This past July 28th, Simone Biles, one of two of the most decorated gymnasts in the world (along with Larisa Latynina of the Soviet Union), dared to walk off the mat at the 2021 Tokyo Olympics and leave the competition. Her reason? Mental health issues. Feeling “the weight of the world on her shoulders,” Biles chose to place her personal safety and mental well-being first.
With 32 Olympic and World Championship medals under her belt, this young woman’s audacious move was harshly criticized by some commentators: She was accused of being a "quitter,” selfishly depriving another athlete of the chance to compete and abandoning the U.S. Olympic team. Russian state-owned media slandered her with racist, sexist and transphobic undertones; it even accused her of being a “drug cheat.”
I was relieved to also learn that multiple gymnasts defended Biles' decision and opened up about their own struggles on the mat. Thankfully, Biles' decision to prioritize her mental health was generally praised and even credited with initiating a wider conversation about the role of mental health in sports.
As a wellness educator, it’s probably predictable that I’d applaud such a decision supporting mental health and self-care; and my perspective was formed long before Ms. Biles entered the scene…
My first job in education was working with small children with language and learning disabilities. One of the most important initial skills I was taught was making observations and queries about the kids’ art pieces rather than offering raves or approval. “What a bright yellow sun in the sky you’ve colored! And the children look like they’re having such fun!” or “The eyes of this little girl look very blue and also very sad. I wonder what she’s feeling?” vs. “Oh, I love this!” “Great job!” or “This is wonderful!” and “You’re so talented!”
Our approach encouraged the children to develop a sense of competence and worth from within rather than looking to sources outside themselves for direction and approval. Encouraging self-awareness and confidence were always the ultimate teaching goal.
Less than a year into that job, much to my surprise and disappointment, I started getting in touch with my mounting stress and anxiety levels. When I recognized my own mental health was being compromised, I made the difficult decision to quit. As a farewell gift, the staff gave me a ceramic mug filled with lots of yummies. Even after 45 years, numerous moves and multiple chips, I’ve kept the mug because its message has remained so relevant to me:
TO LIVE YOUR LIFE IN YOUR OWN WAY
TO REACH FOR THE GOALS YOU HAVE SET FOR YOURSELF
TO BE THE YOU THAT YOU WANT TO BE
THAT IS SUCCESS.
It’s wonderful to have a collaborative, team spirit, to work at times for the good of the whole or for something larger than yourself. At the same time, it’s important to heed the wisdom of Socrates:
This above all: To thine own self be true.”
I chose those words for my high school senior yearbook quote. Little did I know then how difficult such a commitment would be! As a woman of my generation, placing others above yourself was the ideal. Today, many of my wholistic life coaching clients are mature women who are striving valiantly to break that unhealthy pattern. Accepting their own worth, identity and vision as being every bit as important as others’… that their own needs and desires must be honored in order to sustain healthy giving to others… these are challenging notions considering the messages we’ve received throughout our lives.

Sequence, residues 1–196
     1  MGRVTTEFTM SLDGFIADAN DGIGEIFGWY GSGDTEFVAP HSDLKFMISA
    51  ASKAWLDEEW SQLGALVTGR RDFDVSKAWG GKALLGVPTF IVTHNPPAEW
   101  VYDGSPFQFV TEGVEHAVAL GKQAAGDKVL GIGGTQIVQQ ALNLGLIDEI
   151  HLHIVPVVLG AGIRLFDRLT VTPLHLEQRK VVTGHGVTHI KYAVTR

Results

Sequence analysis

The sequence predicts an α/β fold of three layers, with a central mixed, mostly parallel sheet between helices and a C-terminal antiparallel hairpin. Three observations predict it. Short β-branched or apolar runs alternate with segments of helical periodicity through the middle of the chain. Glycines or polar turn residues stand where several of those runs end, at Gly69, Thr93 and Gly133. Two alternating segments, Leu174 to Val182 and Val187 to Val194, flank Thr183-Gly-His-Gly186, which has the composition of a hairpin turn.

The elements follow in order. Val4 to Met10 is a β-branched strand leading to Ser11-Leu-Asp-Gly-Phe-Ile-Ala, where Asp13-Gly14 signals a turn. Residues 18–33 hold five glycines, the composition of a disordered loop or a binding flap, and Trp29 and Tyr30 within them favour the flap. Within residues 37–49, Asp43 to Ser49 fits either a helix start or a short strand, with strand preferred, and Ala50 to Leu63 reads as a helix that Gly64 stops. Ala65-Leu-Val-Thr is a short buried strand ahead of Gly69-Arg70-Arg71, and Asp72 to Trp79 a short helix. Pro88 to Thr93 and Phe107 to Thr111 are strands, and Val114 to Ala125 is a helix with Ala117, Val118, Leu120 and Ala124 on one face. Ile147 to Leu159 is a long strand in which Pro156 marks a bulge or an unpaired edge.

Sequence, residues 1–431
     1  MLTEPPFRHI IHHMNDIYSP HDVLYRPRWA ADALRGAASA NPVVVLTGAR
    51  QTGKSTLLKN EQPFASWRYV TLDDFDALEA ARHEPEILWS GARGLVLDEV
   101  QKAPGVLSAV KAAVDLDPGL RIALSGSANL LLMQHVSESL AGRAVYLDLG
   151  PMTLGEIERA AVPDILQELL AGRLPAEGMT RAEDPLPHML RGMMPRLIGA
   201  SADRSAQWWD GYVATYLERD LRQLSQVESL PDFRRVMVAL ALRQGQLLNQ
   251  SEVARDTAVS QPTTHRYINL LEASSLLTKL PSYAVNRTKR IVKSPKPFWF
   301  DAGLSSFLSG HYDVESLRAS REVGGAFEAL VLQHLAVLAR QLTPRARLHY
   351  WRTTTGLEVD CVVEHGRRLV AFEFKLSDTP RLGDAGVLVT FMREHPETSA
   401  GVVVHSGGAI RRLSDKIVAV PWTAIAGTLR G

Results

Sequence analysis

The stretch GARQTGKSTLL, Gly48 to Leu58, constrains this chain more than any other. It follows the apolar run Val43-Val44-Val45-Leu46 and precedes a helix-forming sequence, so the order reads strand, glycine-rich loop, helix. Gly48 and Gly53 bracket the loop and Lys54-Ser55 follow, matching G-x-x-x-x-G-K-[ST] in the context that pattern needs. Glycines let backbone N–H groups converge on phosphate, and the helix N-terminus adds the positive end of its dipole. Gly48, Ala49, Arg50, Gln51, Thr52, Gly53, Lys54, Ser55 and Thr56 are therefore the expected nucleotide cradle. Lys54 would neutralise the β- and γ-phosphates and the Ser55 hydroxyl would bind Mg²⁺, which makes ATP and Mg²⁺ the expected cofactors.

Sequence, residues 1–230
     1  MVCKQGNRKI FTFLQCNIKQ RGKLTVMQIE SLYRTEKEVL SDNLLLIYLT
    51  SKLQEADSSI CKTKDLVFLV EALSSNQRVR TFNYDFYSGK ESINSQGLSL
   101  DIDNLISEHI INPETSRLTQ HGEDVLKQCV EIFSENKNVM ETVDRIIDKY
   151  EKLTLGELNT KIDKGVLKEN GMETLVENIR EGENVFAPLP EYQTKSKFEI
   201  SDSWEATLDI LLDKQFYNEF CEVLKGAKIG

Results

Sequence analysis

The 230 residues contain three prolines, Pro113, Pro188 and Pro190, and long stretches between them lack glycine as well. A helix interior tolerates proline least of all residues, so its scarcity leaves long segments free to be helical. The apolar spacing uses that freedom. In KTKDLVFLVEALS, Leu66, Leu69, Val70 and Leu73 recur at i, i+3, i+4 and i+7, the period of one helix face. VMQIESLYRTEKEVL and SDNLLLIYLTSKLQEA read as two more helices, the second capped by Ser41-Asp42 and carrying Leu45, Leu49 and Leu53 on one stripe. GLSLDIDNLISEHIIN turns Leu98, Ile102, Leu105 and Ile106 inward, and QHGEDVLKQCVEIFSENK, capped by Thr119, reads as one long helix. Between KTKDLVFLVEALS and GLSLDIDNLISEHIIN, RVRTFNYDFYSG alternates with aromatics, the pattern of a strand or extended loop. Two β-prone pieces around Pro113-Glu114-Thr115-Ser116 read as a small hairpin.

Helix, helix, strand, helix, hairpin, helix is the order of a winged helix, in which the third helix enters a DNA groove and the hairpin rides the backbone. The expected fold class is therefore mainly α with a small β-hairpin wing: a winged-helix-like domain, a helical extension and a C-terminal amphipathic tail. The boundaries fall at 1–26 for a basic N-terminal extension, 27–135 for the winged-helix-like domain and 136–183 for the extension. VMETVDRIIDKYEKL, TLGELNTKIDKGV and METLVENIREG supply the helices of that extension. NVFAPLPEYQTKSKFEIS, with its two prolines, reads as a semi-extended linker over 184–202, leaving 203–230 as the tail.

In fact, current research reveals that, even in utero, we begin to receive and absorb unconscious emotional programming that influences our ideas, values and choices throughout our formative years and beyond. Even with all the advances made over the decades, females especially are still encouraged to be other-focused and to derive their worth through the eyes and judgments of the world outside themselves.
Research also reveals that, at the end of life, most seniors—female and male--share a top regret: Not choosing to walk one’s own path more frequently or with more confidence. That regret is often expressed this way: “I wish I’d had the courage to live a life true to myself, not the life others expected of me.”
Simone Biles said this after withdrawing from the team final last month:
"I say put mental health first. Because if you don't, then you're not going to enjoy your sport and you're not going to succeed as much as you want to. So, it's OK sometimes to even sit out the big competitions to focus on yourself, because it shows how strong of a competitor and person that you really are — rather than just battle through it."
At the ripe old age of 24, Ms. Biles’ winning spirit and wisdom provide an inspiring example for all who recognize the importance of living a life of their own.
If you long to make more progress with that goal, I invite you to consider my wholistic life coaching services. It’s never too late to start listening to yourself more honestly and honoring what you hear.
May I, we & all beings choose to live our one precious life with increased courage, authenticity & confidence.
Deb Langhans has worked in the wellness field as a coach/counselor, writer & speaker for over 25 years. She currently owns & operates Journeys to Healing on San Juan Island where she offers "wholistic" life coaching, mindfulness & grief recovery coaching, reflexology, Inner Journey Collage© & a developing line of products designed to encourage healthy habits.
Most services are available in Deb's studio or via phone or Zoom. For more information or scheduling, please go to www.journeystohealing.com (website). email@example.com (email), or 360.317.4526 (texts preferred).